The energy that radiates from a year like Browning’s 2009 is rare and precious. He has run with it in every way imaginable. Less than 18 months after his surgery, he moved with his wife, Joyce, from central Oregon, where they’d lived for 16 years, to Arizona, just outside Scottsdale. His studio has yet to be built, but he was painting within a week of moving into the new house. (“I don’t wait for the creative mood to strike me,” Browning says. “Painting isn’t just my passion. It’s my business.”) He misses family and friends back in Oregon, but the active art world in Arizona is the place for an artist who’s lived through the two years Browning has. “I want to be in the thick of things,” he says.
One of the loveliest of Browning’s 2010 paintings is a piece called BOXED IN. The 20-by-40-inch painting shows a group of horses who’ve been corralled against a ledge wall that’s only suggested within the frame of the picture. Light settles along the neck and mane of one horse whose head, circling around back toward the viewer, tells us there’s nowhere to go over there. On the far left of the herd in the painting’s middle ground is a white horse in full profile, head faced into the emptiness of dust and light that occupies the left quarter of the canvas. “My game plan was to use simplicity and light to tell the story,” says Browning. “I liked the way the light on the left created negative space against the darker tones and weight of the horses.”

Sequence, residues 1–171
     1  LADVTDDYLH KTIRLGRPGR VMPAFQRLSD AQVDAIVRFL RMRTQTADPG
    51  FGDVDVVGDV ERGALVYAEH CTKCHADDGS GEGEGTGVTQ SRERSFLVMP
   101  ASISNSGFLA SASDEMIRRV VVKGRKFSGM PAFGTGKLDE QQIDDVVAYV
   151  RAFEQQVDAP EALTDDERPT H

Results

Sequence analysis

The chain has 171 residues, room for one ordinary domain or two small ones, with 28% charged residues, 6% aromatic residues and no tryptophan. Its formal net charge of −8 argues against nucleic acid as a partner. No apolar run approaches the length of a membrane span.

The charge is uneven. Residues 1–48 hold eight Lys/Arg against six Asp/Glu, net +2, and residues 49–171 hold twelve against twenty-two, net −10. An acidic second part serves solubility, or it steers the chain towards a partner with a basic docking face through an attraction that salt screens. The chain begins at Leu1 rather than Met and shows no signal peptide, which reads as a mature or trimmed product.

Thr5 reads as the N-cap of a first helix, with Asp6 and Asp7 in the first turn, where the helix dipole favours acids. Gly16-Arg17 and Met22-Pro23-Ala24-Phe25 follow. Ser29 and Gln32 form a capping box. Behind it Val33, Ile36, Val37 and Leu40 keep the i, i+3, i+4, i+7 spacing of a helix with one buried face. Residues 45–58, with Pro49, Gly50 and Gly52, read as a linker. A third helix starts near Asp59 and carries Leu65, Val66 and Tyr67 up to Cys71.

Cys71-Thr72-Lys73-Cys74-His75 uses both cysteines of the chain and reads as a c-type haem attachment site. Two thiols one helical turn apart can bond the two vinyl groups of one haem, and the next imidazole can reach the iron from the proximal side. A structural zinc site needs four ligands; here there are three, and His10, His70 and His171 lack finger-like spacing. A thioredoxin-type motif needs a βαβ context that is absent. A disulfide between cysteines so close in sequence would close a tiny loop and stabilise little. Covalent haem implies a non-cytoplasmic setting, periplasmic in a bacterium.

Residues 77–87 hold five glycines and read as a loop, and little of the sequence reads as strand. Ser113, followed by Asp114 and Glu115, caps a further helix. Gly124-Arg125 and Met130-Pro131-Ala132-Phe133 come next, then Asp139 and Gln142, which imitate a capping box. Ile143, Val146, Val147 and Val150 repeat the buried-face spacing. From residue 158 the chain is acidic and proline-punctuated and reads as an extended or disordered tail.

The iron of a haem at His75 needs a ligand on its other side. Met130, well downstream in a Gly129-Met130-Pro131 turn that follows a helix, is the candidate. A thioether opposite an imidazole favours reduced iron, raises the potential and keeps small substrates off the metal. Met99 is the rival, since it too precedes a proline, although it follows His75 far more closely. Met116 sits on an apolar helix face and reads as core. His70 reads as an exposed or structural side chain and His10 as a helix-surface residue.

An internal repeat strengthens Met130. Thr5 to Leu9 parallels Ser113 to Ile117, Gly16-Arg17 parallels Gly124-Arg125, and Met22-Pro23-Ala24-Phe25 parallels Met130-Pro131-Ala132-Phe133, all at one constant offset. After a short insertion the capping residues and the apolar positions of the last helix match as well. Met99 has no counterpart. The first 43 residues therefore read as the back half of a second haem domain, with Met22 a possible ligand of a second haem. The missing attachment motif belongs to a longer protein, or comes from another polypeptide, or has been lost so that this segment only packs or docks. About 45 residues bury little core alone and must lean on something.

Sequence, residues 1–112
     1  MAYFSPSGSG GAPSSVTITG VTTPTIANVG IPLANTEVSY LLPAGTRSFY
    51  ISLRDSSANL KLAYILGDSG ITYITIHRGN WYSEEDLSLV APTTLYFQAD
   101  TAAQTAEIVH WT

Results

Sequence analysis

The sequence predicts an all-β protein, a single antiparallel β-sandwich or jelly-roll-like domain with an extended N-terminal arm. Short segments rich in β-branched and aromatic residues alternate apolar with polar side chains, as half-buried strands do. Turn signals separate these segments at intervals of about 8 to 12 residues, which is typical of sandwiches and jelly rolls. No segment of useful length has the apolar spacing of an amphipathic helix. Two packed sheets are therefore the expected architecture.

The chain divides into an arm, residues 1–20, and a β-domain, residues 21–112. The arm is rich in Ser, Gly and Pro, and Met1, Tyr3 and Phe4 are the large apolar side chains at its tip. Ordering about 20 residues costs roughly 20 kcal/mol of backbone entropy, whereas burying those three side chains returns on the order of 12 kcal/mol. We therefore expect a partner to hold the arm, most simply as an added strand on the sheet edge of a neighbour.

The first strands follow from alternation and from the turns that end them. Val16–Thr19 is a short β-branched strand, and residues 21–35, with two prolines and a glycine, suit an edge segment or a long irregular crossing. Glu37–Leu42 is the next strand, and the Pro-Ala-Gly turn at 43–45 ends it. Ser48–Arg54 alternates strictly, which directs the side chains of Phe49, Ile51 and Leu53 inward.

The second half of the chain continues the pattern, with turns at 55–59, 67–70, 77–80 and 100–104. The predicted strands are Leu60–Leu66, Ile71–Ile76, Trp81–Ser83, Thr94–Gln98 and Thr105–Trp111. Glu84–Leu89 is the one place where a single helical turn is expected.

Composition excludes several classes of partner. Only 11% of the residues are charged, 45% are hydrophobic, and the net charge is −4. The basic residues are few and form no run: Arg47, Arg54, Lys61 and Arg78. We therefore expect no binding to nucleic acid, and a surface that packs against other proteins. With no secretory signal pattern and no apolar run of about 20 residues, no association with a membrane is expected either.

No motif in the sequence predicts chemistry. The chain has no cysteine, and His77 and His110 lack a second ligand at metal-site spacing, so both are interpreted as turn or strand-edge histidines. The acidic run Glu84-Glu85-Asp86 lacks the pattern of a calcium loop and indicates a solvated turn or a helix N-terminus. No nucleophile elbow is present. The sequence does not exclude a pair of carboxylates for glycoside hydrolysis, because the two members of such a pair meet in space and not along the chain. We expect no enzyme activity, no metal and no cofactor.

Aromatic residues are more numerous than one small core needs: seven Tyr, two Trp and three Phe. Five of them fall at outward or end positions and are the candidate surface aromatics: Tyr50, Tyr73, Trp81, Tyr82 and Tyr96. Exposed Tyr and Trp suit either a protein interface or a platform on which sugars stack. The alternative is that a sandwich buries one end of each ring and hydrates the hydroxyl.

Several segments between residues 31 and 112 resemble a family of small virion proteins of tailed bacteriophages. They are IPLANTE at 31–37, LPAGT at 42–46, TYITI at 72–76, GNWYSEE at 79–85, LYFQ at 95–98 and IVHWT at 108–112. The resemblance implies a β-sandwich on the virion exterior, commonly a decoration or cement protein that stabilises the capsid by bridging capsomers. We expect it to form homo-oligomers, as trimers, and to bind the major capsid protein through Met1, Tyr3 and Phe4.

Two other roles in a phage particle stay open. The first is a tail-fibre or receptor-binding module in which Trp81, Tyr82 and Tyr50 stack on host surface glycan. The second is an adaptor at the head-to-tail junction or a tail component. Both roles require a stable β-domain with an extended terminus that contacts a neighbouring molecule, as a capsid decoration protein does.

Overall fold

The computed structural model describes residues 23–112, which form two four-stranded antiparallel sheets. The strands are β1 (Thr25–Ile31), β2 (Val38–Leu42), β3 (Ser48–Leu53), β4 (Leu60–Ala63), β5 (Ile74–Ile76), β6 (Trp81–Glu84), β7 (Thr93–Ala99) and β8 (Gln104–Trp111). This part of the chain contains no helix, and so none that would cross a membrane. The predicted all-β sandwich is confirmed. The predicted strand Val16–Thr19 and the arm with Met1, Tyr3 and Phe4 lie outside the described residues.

The scene’s drama comes from the mounted cowboy in the middle of the painting, whose presence explains how the horses came to be boxed in, their energies safely, temporarily contained. But the cowboy is barely there. “I painted him many times, each time more faintly than before,” says Browning. “I didn’t want him distracting from the focal point.” The focal point is where that negative space Browning created meets living potential in the form of the horse’s head, lit up at the edges. Vibrant energy is held in a moment of impossibly perfect stasis.
If Browning had specifically set out to paint a portrait of his experience of psychological focus at this point in his life, it’s hard to believe he would have painted any other canvas than this.
Claggett/Rey Gallery, Vail, CO; InSight Gallery, Fredericksburg, TX; Wilcox Gallery, Jackson, WY.
Featured in June 2011.